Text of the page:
I was invited to pick apples from a neighbour’s tree this year. They were Mcintosh apples, considered one of the best for making pies, and the untreated tree was full of perfectly formed fruit. Were I taller, or able to climb a ladder, I would have had several bushels, but then there just aren’t enough hours in the day to process and consume that many apples. Still, I managed to get a good load from the lower branches, and we have been enjoying these delicious fruits in so many ways. Especially when you can find apples which have not been contaminated with pesticides and such, they are so worth picking. Now that the frost has come, I am sorry at the thought of all the rest going to waste, but I did my best.
One recipe I made I want to share with you because it has all the qualities of a fine apple pie, but mixed with another seasonal fruit which is seldom found in pie recipes. I recently found some seedless purple grapes at one of my favourite markets in Toronto, and I knew these would be perfect with my Mcintoshes. If you have never tried adding seedless grapes to a pie, either red or purple ones preferably, you are in for a surprise. They add a good bit of sweetness, and they keep their form and texture even after baking. You will notice that for 8 cups of fruit, I only used 2 tablespoons of brown sugar, and the result was every bit as sweet needed without overpowering the flavour of the fruit.
Apple and Grape Pie
pastry for one 9 inch pie
6 medium sized apples, pealed, cored and sliced
2 cups seedless grapes
1 tsp cinnamon
2 Tbsp cornflour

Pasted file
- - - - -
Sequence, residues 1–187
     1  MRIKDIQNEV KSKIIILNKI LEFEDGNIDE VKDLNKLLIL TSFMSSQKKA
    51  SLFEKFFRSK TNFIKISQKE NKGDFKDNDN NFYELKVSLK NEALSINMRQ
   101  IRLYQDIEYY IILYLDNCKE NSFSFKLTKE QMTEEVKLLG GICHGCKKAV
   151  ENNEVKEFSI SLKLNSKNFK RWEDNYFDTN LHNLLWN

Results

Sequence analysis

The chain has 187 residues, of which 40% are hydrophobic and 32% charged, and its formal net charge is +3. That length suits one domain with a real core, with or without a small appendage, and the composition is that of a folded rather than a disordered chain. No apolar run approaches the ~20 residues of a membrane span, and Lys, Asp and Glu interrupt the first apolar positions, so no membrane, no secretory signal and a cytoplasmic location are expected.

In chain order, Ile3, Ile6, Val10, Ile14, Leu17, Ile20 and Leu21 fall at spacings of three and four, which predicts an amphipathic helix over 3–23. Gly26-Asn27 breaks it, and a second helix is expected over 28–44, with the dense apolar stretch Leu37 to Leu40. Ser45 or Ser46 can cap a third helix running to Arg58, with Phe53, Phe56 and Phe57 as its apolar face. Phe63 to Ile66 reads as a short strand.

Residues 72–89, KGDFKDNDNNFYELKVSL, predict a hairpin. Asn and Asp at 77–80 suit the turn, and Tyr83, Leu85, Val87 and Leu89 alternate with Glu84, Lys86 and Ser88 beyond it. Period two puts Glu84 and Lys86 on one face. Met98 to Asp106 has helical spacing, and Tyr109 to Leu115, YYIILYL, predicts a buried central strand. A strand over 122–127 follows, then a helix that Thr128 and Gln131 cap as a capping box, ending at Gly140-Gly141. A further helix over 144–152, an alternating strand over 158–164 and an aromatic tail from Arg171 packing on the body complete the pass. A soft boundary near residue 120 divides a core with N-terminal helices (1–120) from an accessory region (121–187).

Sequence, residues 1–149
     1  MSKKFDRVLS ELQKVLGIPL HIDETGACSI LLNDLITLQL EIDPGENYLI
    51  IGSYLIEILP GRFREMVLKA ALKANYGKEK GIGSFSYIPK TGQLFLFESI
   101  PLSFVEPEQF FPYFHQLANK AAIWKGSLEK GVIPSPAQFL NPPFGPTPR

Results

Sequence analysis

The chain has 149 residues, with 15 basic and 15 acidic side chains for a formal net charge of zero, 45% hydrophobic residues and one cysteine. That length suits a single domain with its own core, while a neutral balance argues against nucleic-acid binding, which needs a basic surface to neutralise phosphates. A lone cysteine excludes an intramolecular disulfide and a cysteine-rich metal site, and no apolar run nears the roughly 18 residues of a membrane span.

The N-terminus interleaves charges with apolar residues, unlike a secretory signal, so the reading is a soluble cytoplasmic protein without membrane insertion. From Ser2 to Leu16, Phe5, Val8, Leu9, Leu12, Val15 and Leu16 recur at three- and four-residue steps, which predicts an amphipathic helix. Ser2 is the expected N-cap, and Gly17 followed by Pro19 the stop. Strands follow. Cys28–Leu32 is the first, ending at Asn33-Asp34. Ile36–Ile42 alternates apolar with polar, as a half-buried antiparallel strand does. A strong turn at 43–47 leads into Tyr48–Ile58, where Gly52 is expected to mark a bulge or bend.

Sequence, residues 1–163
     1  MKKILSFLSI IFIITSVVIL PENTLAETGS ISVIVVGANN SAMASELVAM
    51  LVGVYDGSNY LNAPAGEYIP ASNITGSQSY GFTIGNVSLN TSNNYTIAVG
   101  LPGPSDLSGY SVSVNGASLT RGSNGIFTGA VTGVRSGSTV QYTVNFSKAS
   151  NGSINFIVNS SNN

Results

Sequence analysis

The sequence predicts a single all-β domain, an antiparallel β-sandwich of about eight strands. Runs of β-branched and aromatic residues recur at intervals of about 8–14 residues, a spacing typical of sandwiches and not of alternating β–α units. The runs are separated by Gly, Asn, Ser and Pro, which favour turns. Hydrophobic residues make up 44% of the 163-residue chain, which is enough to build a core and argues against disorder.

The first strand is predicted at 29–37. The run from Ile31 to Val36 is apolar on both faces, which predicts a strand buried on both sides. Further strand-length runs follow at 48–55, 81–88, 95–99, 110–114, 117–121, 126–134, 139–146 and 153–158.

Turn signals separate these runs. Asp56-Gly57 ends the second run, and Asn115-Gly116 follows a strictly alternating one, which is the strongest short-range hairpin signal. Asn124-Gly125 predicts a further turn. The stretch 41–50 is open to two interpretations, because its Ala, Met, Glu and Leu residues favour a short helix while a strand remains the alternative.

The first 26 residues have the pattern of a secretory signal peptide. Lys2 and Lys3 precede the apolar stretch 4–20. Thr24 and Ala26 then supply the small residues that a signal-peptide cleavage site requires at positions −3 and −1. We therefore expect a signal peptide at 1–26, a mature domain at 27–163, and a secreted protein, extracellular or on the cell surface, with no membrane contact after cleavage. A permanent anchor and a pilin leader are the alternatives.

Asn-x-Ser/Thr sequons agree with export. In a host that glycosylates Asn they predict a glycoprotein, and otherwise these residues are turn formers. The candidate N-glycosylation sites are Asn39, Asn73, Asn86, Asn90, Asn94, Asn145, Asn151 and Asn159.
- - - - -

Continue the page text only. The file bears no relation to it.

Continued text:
Line your pie dish with half the pastry. Mix all the other ingredients in a bowl and fill the pie dish. Cover with the remaining pastry. Brush the pastry with a little milk, and make a few cuts in the pastry to let the steam out. Bake in a 375 degree F oven for about 1 hour or until the crust is golden brown.
Because these apples were not sprayed, I didn’t want to waste the beautiful skins. As I peeled them, I put the skins and cores in a pot, added a little water, cooked and strained them for the reddest apple sauce ever.
You can also make an excellent scrap vinegar with them following this method I used in a post on pears. Or dehydrate the skins and when completely dry, grind them into a fine powder and use as a sweetener, also as described in the same post.
To store the excess fruit, I have found the best ways to preserve them are dehydrating them and storing them in plastic bags.
To freeze, I slice them as for a pie, dump them in salted water (1 tsp of salt for 6 cups of water) to prevent them from browning, remove them with a slotted spoon and bag them. The same water can be used several times.
Linked to Fiesta Friday #92